Padilla-Walker says the study findings suggest there’s something unique about leaving one’s comfort zone to support someone you do not know.
“Helping a stranger is more challenging than assisting a friend, and when teens take this risk, they feel more competent,” she says.
For many teens, the turbulent adolescent years bring social and emotional challenges like learning to resolve conflicts with friends, coping with peer pressure, and dealing with rejection. These newfound stressors can rattle their self-esteem. Witnessing their kids’ angst can be painful for parents who feel unsure how to help. However, Padilla-Walker says helping teens find ways to feel more self-assured can be immensely valuable.
In fact, volunteering may do more than boost personal morale; studies show altruism can help people connect socially, which may prevent loneliness, as well as alleviate mental health concerns, like depression.
These psychological benefits may be especially significant for teens, as studies show anxiety among adolescents has risen in the past five years. A recent mental health survey, conducted on college campuses around the nation, found that over 50 percent of students seeking psychotherapy suffered from anxiety. Research also shows that by the age of fourteen, 25 percent of teen girls and 10 percent of teen boys struggle with depression.
According to the American Psychological Association, young adults now face greater social and economic challenges than did previous generations. Between 1989 and 2016, over 40,000 college students completed a survey measuring their tendencies towards perfectionism.
Today’s young adults are more competitive and inclined to be perfectionists, expecting more of themselves and others. Perfectionism seems particularly harmful when one feels pressured to meet unrealistic expectations set by others. The researchers found that this “social” perfectionism makes students more susceptible to psychiatric concerns like eating disorders, depression, and anxiety.
“With the vast amount of information on the internet and social media, adolescents may feel like every choice they make — big and small —is an opportunity for failure. Even worse, they may fear that this failure is permanent,” says Dr. Abigail Marks, a clinical psychologist in San Francisco who works with parents and teens.
While altruistic acts may bolster teens’ wellbeing, many adolescents may reject the idea that they need a confidence boost.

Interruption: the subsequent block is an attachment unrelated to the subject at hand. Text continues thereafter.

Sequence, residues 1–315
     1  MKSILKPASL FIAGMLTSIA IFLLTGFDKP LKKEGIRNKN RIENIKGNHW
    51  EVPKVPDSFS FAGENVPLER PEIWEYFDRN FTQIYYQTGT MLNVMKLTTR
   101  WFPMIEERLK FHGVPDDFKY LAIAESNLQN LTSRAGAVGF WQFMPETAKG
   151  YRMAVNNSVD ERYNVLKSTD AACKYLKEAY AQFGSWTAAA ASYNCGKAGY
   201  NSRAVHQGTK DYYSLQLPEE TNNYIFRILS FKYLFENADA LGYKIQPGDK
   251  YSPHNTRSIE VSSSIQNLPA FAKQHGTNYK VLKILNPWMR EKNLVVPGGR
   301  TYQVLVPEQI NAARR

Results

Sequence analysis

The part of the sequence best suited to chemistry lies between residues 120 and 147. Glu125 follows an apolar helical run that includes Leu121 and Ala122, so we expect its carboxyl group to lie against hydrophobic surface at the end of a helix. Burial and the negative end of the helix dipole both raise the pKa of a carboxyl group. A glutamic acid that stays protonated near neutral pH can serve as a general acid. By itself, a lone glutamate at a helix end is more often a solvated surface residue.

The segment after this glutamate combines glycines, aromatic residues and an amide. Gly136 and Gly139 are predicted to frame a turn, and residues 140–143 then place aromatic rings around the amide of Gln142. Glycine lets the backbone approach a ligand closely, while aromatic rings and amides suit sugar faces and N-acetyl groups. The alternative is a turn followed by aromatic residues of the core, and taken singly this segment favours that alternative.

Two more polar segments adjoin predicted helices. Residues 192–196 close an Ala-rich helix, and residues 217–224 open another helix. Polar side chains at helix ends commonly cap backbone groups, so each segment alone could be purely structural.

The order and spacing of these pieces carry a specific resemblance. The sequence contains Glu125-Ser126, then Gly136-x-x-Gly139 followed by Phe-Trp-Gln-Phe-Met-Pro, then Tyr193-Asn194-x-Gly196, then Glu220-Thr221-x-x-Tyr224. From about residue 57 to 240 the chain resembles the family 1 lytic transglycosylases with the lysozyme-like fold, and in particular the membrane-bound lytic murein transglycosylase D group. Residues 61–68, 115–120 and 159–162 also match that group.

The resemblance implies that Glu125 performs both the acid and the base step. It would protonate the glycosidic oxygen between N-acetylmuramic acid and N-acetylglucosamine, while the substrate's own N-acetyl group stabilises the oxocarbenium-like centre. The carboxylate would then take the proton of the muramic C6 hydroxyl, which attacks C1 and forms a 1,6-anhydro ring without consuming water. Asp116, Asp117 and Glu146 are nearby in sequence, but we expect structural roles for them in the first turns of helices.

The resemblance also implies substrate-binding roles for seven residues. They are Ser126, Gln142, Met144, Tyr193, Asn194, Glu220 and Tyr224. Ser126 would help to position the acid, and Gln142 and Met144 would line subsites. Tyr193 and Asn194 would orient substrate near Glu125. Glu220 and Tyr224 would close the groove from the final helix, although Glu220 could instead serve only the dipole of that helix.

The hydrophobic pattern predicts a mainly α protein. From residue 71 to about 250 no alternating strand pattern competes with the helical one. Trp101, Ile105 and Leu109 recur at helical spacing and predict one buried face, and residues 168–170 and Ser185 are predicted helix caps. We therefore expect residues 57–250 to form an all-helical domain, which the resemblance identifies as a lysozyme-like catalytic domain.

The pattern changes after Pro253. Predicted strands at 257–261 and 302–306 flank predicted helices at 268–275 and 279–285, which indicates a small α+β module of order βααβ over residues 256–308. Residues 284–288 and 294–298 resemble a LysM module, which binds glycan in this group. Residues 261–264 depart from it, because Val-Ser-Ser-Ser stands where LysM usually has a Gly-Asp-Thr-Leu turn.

“Recommending anything that may improvea teenager’s behavior always carries the risk of seeming condescending or critical,” says Marks. And when it comes to volunteering, suggestions made by parents about “who” and “how” to help can sound like a demand, not an opportunity.
Instead, Marks suggests that families discuss potential volunteer projects together. Even though it may seem impossible to communicate with a teenager at times, when asked to share their opinions they often develop interest. And connecting with this curiosity can help them identify an activity they value.
Of course, like many of us, teens may feel as if there aren’t enough hours in the day to take on a new responsibility like a lofty volunteer project. However, virtual volunteering, such as donating to a “Go Fund Me” campaign or writing an advocacy letter can also be worthwhile. The non-profit organization, DoSomething, also lets youth help remotely. By signing up on the site, they can join other volunteers and create social justice hashtag campaigns, use Instagram to support refugees, and tweet to raise awareness about education policies.
“Helping strangers doesn’t need to be on a grand scale. When teens can see the benefit of their actions, they often realize how much power they have to support others,” says Padilla-Walker. And that can inspire more self-confidence.
Juli Fraga is a psychologist and writer in San Francisco. You can find her on Twitter @dr_fraga.
Jason Brown competed in the men’s short program during the 2018 U.S. Figure Skating Championships in San Jose, Calif., with a song from Hamilton, the musical.
Matthew Stockman/Getty Images
Matthew Stockman/Getty Images